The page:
After checking behind me, I moved off again. I’d only been going for a few minutes when the moon, three-quarters full, appeared ahead of me. A jagged line of rock was caught in the white light, slopes without tree cover leading up to it. I was in the middle of a wide meadow. To my right were more trees and I headed for them. When I made the cover, a wave of relief washed over me. The pines weren’t as tall as the previous ones, but they were closer together. I had to push my way past the lower branches but kept going. My throat was parched and my stomach was rumbling, but I didn’t feel tired. I would get farther away from my pursuers and then settle down to eat the bread I’d been given by the doomed man.

Then I heard a sound that worried me. Despite the state of my memory, I had no difficulty in identifying the howl of a hunting dog. It wasn’t as far off as I’d have liked. Had that been why I’d lost the men behind me? Had they stopped to wait for the hound to join them?

It looked like it was going to be a long, hard night.

Seven

After twenty years in Washington D.C.’s Metropolitan Police, twelve on the homicide team, Detective Gerard Pinker had gotten used to corpses. That didn’t mean he found attending autopsies easy. His partner Clement Simmons never complained. In fact, Pinker reckoned Clem even breathed through his nostrils during the procedures-too dedicated for his own good.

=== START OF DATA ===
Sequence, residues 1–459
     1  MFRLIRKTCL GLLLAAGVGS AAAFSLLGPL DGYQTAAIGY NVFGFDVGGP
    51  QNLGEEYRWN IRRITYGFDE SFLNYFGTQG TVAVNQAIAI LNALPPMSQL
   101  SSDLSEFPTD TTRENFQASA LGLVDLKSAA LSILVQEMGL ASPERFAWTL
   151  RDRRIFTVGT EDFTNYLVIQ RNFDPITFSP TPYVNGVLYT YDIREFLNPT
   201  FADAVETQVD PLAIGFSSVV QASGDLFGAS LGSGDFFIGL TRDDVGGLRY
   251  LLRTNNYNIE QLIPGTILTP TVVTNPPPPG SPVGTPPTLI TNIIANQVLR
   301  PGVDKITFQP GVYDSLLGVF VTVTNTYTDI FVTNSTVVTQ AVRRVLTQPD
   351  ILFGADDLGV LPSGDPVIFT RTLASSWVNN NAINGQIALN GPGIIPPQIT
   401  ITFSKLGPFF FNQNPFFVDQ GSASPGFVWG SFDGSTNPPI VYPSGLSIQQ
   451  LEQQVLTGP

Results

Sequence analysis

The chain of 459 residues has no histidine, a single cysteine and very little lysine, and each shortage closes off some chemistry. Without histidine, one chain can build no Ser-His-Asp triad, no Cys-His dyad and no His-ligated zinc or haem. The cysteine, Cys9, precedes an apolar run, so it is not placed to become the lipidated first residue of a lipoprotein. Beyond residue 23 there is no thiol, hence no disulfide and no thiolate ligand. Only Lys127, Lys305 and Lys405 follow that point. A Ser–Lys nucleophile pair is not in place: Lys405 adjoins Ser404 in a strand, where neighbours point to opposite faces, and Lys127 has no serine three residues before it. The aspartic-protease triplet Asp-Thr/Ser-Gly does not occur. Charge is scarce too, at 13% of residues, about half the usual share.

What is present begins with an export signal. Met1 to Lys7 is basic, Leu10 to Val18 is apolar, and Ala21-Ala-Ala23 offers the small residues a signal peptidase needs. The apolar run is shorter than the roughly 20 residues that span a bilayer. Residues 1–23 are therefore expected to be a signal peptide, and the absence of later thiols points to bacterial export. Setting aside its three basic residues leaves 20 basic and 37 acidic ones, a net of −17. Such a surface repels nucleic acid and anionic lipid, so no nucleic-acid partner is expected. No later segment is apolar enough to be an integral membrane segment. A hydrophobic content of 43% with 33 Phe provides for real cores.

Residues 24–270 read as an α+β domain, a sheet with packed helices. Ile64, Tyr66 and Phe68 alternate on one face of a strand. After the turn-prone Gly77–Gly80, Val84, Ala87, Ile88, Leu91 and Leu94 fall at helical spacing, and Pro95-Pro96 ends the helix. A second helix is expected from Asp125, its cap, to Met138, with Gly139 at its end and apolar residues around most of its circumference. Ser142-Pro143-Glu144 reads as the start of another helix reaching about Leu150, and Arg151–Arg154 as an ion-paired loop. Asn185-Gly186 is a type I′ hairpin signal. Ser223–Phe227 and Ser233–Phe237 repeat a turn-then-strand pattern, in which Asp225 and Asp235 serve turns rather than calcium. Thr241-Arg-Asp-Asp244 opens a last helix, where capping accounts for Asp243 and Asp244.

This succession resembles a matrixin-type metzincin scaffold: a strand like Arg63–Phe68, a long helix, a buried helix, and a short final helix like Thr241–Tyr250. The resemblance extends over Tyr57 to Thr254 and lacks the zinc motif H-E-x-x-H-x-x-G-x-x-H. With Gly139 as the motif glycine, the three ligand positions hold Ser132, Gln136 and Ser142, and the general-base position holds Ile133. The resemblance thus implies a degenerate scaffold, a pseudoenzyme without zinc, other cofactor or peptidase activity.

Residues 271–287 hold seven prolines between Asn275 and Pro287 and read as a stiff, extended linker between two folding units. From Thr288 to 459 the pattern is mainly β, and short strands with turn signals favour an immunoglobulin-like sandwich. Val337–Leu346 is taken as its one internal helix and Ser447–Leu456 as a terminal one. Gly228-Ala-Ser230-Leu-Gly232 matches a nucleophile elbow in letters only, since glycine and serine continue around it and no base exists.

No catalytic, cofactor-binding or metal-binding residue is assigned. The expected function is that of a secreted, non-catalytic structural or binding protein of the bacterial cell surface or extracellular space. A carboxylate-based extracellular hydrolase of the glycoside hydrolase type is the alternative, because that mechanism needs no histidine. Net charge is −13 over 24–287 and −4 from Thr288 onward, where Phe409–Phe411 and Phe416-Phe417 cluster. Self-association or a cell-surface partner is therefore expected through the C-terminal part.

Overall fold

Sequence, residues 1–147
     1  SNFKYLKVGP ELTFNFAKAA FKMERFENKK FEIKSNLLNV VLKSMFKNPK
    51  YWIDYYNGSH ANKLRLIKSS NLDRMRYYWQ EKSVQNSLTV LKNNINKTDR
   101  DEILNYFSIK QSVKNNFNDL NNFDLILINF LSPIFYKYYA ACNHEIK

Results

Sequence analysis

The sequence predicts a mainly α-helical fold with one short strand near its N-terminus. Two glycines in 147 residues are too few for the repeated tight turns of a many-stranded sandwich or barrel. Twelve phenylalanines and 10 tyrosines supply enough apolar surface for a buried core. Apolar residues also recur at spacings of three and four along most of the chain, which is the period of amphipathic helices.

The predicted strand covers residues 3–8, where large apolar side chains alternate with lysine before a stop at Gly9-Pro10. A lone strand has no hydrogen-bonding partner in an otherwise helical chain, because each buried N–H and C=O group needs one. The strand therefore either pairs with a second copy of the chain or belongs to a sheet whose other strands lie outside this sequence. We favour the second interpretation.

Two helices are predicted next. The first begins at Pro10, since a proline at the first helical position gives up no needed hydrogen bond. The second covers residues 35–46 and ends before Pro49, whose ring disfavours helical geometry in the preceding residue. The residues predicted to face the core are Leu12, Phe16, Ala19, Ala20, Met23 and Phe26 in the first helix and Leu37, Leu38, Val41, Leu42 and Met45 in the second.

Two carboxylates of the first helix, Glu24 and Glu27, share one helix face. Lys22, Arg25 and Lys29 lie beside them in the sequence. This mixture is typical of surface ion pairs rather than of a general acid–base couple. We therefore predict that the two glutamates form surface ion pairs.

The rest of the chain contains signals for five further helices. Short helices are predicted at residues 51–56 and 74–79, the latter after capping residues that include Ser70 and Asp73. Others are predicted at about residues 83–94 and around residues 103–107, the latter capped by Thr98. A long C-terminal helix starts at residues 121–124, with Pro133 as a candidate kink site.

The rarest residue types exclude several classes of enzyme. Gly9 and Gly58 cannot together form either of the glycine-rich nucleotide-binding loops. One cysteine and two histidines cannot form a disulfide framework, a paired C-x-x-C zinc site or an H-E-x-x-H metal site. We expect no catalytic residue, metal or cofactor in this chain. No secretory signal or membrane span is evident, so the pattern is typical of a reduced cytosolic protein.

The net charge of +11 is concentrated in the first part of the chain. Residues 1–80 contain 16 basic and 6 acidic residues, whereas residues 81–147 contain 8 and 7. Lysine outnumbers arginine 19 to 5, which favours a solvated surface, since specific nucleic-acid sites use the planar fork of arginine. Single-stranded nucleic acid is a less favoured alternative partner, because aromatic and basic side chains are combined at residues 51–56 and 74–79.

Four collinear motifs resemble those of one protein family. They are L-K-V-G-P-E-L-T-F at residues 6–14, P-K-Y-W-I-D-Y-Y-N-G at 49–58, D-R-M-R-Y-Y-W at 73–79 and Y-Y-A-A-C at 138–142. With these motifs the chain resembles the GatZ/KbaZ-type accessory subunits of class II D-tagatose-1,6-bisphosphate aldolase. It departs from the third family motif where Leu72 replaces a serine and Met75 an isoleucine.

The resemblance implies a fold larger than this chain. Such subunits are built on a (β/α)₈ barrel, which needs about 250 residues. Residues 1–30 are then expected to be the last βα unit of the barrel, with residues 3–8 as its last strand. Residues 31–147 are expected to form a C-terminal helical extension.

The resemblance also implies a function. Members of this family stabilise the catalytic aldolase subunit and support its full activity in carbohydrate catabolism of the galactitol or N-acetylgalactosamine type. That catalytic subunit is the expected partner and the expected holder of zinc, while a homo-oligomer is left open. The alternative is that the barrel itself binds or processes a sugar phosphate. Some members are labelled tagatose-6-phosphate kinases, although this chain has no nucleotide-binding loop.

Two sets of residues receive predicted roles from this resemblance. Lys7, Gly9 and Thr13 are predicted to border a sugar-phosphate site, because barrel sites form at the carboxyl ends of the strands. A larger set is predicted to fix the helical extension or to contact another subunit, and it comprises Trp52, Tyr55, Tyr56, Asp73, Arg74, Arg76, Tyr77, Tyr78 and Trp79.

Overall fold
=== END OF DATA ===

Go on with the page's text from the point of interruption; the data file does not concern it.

“I suppose you’ll be looking forward to this,” Pinker said in the elevator on the way down to the morgue. He straightened his tie and shot his cuffs. “What with being into voodoo and all that shit.”

The tall, heavily built black man beside him shook his head slowly. “I’m not into voodoo.” He ran an eye over his partner’s diminutive figure. “At least not in the way you’re into rich men’s suits, Versace.”

Pinker grinned and slotted a piece of gum between his thin lips. “Right, Clem. So I was just imagining the goat’s head and the little dolls you got in your den.”

“Not the doll with your name on it,” Simmons said as the doors opened. “Shit, man, you know my grandmother was from Haiti. I’m interested in my family’s culture, that’s all.”

Pinker stepped into the morgue and was immediately swamped by the smell of chemicals cut with flesh and blood. “Well, I’m glad my family hasn’t got that kind of culture.”

The big man followed him down the corridor. “Your family hasn’t got any culture, man. You’re nothing but West Virginia white trash.”

Pinker met the grin with a raised middle finger. They went through the swing doors and found the medical examiner looking at a clipboard. She was above medium height and he liked the way she was built-slim, but stacked in the right places.

“Gentlemen,” she said, raising her eyes briefly.

The detectives’ demeanor was suddenly much more formal.